I do keep all of these together with a carabiner, which makes it super easy to get one off quickly without having to deal with the rest (like using the pliers on the multitool without all the other things banging against my hand). 

What are your top 5 “gotta have ’em” geocaching tools?  Let me know in the comments.  Be safe and cache on.


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Get Your Cache On

April 28, 2011 at 11:06 am (Apple, Applications, Geocaching, iDevices, iPhone/iPod Touch) (, , )


We’ve been having some nice weather this spring, and that can only mean one thing….geocaching!  Although fall is by far my favorite time for  geocaching, spring is a great time as well. It’s getting warmer, but the pesky mosquitoes, ticks, no-see-ums, and other undesirables (can you say  snakes?) haven’t come out enough to put a damper on things yet. We had a few great finds in San Francisco a few months back, and I’m still  looking for just the right place to drop off a couple of trackables that we picked up in the city by the bay. I’ve also been scouting around for some  good hiding places. It’s really no fun to be able to just walk right up to a cache…it’s a lot more fun if there’s at least a little bit of a challenge  involved.

For those who think a “real” GPS is needed, I can honestly say that my iPhone 3GS with Groundspeak’s official Geocaching app  (http://www.geocaching.com/iphone/default.aspx) has been nothing  short of amazing.  They have added some splendid updates to this app over the past several months, and it is truly all you need. Granted, if you  get way out in the boonies, you’ll probably have a hard time getting a signal. In those circumstances, maybe a dedicated GPS would be better. But, being mildly disabled, I’m not able to hike the rough terrain as I once could, so those areas are usually off-limits to me. I’ve used the Magellan GC with okay results, but I still prefer my iPhone. I can do everything I need to do right from the app, including posting photos and field notes, viewing maps (Google Earth street view, topography maps, and satellite views), recent logs, and more.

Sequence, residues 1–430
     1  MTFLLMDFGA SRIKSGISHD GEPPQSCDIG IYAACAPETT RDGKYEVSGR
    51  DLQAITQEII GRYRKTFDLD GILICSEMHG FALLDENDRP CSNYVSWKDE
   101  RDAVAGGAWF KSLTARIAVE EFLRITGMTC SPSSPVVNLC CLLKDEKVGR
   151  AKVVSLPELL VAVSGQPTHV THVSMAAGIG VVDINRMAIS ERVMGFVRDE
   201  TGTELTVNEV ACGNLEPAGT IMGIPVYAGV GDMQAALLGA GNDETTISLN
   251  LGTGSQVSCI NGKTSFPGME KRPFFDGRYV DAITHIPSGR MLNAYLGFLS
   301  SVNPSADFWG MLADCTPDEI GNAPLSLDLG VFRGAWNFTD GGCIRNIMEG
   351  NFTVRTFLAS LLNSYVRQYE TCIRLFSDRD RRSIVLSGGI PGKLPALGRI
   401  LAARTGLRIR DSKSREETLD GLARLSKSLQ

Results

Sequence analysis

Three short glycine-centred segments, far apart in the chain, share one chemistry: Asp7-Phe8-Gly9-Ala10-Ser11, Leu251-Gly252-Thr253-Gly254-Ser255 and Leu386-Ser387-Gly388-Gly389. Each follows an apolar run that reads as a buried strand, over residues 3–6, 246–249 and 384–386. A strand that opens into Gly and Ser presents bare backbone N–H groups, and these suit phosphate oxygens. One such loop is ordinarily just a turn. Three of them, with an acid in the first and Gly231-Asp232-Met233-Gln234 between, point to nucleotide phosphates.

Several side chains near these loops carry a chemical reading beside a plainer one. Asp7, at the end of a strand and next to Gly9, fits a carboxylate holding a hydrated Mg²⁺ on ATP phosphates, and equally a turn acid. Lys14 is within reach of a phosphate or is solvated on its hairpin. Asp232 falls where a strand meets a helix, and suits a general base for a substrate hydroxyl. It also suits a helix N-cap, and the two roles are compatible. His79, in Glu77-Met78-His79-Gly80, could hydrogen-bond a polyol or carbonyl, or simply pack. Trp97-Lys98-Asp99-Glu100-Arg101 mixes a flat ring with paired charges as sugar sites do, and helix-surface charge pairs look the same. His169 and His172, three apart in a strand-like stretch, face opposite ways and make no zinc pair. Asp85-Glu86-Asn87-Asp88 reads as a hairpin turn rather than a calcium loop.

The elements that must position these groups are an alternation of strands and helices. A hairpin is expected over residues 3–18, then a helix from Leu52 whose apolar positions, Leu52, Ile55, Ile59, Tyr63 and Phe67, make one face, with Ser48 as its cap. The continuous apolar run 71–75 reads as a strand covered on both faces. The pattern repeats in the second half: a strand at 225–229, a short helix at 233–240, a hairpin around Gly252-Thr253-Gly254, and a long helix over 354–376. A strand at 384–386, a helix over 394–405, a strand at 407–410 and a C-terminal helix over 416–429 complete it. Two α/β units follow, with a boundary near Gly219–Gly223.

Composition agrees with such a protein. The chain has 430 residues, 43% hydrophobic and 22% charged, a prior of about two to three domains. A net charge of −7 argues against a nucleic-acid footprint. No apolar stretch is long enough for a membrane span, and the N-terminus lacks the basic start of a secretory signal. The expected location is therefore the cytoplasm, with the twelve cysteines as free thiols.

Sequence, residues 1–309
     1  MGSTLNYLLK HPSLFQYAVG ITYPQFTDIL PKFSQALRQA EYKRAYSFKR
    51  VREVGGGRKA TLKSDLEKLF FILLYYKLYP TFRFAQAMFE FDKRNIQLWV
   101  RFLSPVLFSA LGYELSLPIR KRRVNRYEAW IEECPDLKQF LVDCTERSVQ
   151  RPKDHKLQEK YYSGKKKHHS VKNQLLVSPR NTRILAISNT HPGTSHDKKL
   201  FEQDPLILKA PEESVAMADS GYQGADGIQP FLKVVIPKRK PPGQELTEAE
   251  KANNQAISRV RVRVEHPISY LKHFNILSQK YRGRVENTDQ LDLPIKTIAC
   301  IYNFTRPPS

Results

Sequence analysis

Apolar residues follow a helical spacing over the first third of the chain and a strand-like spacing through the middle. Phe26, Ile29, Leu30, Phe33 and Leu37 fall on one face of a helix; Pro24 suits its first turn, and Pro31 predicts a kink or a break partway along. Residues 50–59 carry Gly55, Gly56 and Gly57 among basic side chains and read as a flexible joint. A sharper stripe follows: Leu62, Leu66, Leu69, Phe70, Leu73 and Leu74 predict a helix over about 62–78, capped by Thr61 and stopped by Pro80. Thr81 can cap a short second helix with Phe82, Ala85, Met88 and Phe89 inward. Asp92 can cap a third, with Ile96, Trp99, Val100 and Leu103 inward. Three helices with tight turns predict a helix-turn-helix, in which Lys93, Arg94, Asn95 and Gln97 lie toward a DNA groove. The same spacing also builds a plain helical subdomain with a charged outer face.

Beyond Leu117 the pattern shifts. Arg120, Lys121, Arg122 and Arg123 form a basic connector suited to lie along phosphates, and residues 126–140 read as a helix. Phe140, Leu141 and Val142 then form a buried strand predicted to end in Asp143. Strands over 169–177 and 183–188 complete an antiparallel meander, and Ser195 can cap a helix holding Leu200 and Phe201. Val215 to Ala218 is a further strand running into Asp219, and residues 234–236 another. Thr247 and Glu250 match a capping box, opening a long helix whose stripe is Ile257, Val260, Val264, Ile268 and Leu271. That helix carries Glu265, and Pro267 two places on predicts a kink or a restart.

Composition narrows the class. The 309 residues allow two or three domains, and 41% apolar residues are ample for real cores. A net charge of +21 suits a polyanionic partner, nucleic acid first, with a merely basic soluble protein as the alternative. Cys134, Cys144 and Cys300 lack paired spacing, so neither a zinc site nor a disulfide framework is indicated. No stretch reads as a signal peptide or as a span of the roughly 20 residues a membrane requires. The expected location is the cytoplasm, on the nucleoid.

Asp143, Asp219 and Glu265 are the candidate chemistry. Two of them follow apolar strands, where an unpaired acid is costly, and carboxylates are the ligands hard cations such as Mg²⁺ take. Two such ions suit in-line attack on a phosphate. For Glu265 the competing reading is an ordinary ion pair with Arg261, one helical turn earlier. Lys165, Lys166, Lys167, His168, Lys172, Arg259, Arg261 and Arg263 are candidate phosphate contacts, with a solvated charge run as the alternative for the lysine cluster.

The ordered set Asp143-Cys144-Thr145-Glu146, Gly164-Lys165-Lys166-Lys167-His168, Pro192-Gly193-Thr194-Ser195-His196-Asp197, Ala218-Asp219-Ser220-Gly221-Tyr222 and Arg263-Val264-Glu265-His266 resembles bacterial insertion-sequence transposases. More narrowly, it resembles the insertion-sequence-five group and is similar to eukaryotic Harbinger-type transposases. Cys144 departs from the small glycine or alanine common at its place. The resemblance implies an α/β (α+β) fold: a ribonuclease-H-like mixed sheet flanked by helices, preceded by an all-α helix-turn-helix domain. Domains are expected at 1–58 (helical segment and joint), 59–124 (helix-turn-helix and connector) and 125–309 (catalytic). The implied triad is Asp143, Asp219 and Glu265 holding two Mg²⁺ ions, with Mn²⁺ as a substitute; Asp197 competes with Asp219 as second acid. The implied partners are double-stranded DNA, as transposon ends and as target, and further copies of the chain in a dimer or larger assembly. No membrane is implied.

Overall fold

One of my favorite features is the simulated compass arrow that lets you know when you’re closing in on your find. You can just feel the adrenaline rush when it goes from 100 feet to 50 feet to 20 feet, then you engage your senses and start looking for the treasure. A couple of my favorite finds have included a small cannister attached to a piece of rebar that was stuck down inside a yellow concrete parking lot post, a test tube container hanging from a tree branch, and a piece of cable secured to a utility pole that contained a log when you unscrewed the coaxial cable connector. The “in plain sight” award goes to a modern sculpture at a local university that had a large ammo can sitting atop the same-color sculpture. If you didn’t know what you were looking for, you would easily miss it.

Geocaching is a great activity for young, old (but young at heart), and everyone in-between. It gets you outside, makes you think, and can be done alone or with others. So, get up, get out, and start hunting. Be sure to let me know in the comments what your favorite types of cache are, and what type of device you prefer. Happy Hunting!